TCA have recently won a very interesting competition to design a new home for Theo and Oskar.


The brief for the competition was to design a barrier-free family home, including for two children, Theo and Oskar, who suffer from Duchenne muscular dystrophy. Having recently moved into a new home with a large rear garden in Surrey, the proposal for the competition was to create a “magical place with a wonderful garden that will nurture the boys’ hearts and spirits”


TCA responded to the brief by understanding how the condition will affect the children over time, including their mobility and how they interact with their environment. Alongside this the boundary between inside and outside was blurred by introducing large scale, openable glazing, which would link the inside with the rear garden. Internally the series of spaces are broken down and adaptable by the clever use of sliding screens and folding partitions. This pragmatic approach, coupled with the more prosaic response to the beautiful garden creates a more open, interconnected design.


Adaptability is key for any house with a young family, as needs and requirements evolve. The house must be responsive to the boys condition, and provide opportunities for them to go about their everyday activities and play without restrictions. We are aware that this must be executed throughout the design down to the smallest details such as joinery, storage and ironmongery.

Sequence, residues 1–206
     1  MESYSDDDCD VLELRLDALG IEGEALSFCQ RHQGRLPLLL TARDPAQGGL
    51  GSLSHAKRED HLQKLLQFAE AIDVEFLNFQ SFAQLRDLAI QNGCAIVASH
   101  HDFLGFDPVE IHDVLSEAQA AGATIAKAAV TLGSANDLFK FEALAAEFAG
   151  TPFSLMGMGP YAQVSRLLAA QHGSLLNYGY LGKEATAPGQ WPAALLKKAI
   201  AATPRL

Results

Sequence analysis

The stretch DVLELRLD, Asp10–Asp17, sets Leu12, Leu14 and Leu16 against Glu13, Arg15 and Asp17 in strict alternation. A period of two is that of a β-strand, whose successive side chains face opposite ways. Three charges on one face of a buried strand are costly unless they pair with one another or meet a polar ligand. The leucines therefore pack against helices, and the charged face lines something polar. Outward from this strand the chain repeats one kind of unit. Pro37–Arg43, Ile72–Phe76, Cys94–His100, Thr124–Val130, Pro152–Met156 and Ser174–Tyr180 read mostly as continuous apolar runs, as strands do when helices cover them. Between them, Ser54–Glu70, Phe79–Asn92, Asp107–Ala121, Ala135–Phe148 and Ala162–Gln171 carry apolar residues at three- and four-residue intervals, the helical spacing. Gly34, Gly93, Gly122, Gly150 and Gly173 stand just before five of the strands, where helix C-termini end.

We believe that we could create a spacious, light-filled home for the family within budget by using low-cost materials and employing a construction method such as cross-laminated timber and timber cassettes. This would allow for a quick build, large internal spans and can also be left unfinished internally, which would add warmth to the spaces and have cost efficiencies.



After making the shortlist, TCA presented our scheme in front of the jury of Nick and Klara Taussig, John McAslan, Adam Khan, Suky MacPherson and Tony Heaton.

Adam Kahn who chaired the interviews said:

“This small project is a microcosm of the whole deal of being an architect – opening up possibility, leading and inspiring through a clear vision, engaging wholeheartedly with real people and all founded in rigorous practicality. It’s not easy.  Great to see so many practices enthusiastically embracing the challenge”

As part of the competition process, a documentary film will be made, following the course of the competition entry and the subsequent building work.

Check out the following press releases…


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